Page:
By Dawn Chan, Eliza Foo, and Ben Thornley*
Earlier this month, on the sidelines of Ecosperity 2023 in Singapore, we had the great privilege of convening a group of over 100 practitioners dedicated to social and environmental impact, including entrepreneurs, investors, and intermediaries, for a timely discussion on the opportunity to accelerate impact investing in emerging marketsthrough collective action.
Themed “Driving Inclusive Growth in Emerging Markets”, the inaugural Impact Investing Roundtable was co-organised by Temasek and CIIP to bring about timely conversations on Asian leadership in impact. The event featured a panel discussion on the future of impact investing, lightning presentations by impact-focused companies from the financial services and healthcare sectors, and small group discussions on how to drive collective action for the impact investing market.
The concluding session of the Roundtable, supported by Tideline, challenged participants to discuss and develop solutions to a range of challenges across three themes: financial inclusion, healthcare, and impact investing market building.
In this article we share the contours of that dialogue, with a focus on the range of solutions that give us confidence that a more collaborative capitalism can make real progress on stubborn social and environmental challenges.
Challenges of Collaborative Capitalism
Separated into small groups, delegates were first asked to agree on a market challenge that was inhibiting their ability to make progress in their respective themes and that they were eager to tackle together.
In financial inclusion, for example, participants zeroed in on three challenges: first, regulatory barriers, with some countries slower than others to encourage the use of new technologies even while protecting consumers; second, the lack of financial literacy in target markets; and third, the need to improve the offtake of financial services beyond lending, including savings accounts, insurance, and payment systems.
In healthcare, attendees agreed that the limited resources of underserved groups to fund health-related expenditures was of utmost importance.
In impact market building, participants discussed the need for catalytic or concessionary capital to seed new investment ideas, and the importance of impact measurement, reporting, and benchmarking in ensuring the growth and integrity of impact investing in Asia.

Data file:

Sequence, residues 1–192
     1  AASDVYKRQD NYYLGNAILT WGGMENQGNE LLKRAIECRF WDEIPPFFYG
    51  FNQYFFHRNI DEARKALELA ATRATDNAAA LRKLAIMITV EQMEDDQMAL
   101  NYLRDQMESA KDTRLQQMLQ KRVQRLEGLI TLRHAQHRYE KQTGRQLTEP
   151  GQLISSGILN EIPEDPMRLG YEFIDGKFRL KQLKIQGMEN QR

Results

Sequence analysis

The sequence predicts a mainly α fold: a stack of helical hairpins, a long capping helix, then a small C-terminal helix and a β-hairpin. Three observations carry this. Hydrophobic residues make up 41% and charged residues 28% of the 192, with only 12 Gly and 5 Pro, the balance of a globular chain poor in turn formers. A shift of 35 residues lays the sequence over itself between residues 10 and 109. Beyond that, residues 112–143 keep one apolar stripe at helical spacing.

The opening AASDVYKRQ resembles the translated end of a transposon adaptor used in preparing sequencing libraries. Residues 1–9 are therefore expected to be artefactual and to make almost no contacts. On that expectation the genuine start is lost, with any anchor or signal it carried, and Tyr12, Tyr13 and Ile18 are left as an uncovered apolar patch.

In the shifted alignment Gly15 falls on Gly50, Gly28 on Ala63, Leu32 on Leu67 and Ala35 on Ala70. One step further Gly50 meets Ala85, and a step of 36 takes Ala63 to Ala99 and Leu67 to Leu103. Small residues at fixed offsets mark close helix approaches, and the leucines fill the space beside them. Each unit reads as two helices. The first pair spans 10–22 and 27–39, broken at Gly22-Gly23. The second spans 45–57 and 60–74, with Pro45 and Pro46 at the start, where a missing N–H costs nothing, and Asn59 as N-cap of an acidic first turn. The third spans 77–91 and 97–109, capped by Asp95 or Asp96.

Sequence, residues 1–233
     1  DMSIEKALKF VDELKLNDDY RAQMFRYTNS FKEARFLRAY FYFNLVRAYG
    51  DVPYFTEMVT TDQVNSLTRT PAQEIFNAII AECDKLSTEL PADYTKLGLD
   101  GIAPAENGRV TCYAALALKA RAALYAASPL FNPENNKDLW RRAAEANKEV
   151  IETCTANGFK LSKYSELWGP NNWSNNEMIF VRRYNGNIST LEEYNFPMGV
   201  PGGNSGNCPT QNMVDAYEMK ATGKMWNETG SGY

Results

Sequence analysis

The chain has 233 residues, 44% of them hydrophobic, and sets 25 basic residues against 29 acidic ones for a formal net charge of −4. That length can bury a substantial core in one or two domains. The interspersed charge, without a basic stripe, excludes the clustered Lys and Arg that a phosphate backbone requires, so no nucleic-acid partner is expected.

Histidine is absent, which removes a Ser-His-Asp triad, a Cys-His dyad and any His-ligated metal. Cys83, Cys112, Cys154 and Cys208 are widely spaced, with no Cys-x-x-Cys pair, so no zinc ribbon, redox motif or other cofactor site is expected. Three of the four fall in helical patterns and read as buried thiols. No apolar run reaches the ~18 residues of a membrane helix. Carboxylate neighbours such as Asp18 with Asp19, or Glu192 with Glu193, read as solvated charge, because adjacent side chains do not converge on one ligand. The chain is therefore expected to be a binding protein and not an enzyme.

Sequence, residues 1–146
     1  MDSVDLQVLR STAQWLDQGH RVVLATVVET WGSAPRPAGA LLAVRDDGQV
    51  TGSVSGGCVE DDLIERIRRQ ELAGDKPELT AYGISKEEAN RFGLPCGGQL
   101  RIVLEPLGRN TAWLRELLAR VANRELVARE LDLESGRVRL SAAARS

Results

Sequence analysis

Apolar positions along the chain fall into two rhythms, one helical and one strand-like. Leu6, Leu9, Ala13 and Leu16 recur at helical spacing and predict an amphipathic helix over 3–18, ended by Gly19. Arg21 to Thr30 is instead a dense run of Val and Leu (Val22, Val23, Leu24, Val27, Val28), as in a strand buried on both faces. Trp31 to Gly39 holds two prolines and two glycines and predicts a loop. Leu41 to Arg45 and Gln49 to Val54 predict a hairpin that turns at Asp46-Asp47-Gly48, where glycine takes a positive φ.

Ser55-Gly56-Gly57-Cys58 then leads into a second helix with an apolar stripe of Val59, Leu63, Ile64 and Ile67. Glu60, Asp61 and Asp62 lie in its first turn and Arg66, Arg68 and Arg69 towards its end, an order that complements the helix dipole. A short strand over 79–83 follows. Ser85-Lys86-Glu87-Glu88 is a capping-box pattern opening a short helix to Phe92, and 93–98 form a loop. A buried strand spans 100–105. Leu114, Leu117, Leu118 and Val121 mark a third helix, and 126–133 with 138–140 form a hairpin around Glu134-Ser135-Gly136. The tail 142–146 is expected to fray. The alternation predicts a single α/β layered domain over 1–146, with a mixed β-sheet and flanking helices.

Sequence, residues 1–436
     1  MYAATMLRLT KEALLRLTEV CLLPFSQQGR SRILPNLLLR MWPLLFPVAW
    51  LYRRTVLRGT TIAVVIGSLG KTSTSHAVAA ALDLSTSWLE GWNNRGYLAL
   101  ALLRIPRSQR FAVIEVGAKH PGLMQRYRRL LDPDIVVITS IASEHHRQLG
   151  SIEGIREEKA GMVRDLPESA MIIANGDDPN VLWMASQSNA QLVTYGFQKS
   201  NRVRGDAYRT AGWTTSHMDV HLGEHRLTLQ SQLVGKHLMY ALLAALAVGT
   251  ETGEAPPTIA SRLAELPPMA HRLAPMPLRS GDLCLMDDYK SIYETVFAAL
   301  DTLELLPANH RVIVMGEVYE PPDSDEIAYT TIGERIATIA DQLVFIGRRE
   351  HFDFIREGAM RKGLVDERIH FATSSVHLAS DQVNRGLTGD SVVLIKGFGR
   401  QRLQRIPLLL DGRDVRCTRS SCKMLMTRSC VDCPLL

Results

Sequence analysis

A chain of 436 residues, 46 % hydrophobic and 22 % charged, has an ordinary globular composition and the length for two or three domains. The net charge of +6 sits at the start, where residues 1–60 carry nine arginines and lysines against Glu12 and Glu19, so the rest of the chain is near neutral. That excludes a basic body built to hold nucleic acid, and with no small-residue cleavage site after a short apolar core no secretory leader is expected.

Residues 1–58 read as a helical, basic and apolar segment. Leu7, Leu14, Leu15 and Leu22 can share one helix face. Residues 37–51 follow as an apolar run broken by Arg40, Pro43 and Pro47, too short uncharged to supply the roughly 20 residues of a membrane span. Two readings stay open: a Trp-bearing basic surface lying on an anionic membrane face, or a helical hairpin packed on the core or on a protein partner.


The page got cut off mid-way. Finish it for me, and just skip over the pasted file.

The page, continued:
Solutioning for Impact
Participants then turned their attention to problem-solving.
In financial services, participants strongly emphasised the importance of a multi-stakeholder approach to improving financial literacy – brainstorming ways to foster participation from education institutions, banks, insurers, self-governing and formal regulatory bodies, and investors, among others. There was also ideation on ways to integrate education into the very design of products and services, fueled by the desire to ensure maximum affordability, transparency, and simplicity, and to more proactively build relationships with community-organizations and local businesses already partnering with underserved populations in order to improve integrity and trust.
Discussions also centered on the need for accelerated innovation in financial products, characterised by greater accessibility and adaptability. Digitalisation provides an attractive opportunity for financial products to reach underserved communities more easily, but providers should not overlook the importance of local stakeholder engagement. Attendees discussed ways of providing grants for supporting local, on-the-ground research, along with a focus on collecting beneficiary data to reduce bias and better identify gaps in financial service utilisation and effectiveness.
These conversations were bolstered by the findings of CIIP, UNCDF, and Helicap’s report ‘Financial Inclusion in Post-COVID Southeast Asia: Accelerating Impact Beyond Access’, launched earlier in the Roundtable’s programme.
The small group discussions in healthcare also centered around the need for a multi-stakeholder approach coupled with innovative financing, payment systems, and public-private partnerships in order to support healthcare expenditures. One proposed solution was to leverage blended finance to incentivise long-term backing from a diverse group of stakeholders, crowding in a mix of capital to make funds available to targeted beneficiaries, for example through insurance, employer-backed healthcare, or philanthropic crowd-funding. By aligning capital from government, philanthropy, and private actors, investors can support health inclusivity while taking on an appropriate amount of financial risk.
Participants also discussed the need for an outcomes-focused rather than volume-driven healthcare system. With an eye to outcomes, there would naturally be opportunities to improve and incentivise efficiency and innovation, while also encouraging the collection, monitoring, and reporting of more robust data (e.g., improved mortality rates), ultimately supporting a shift to a more evidential, human-centered healthcare system.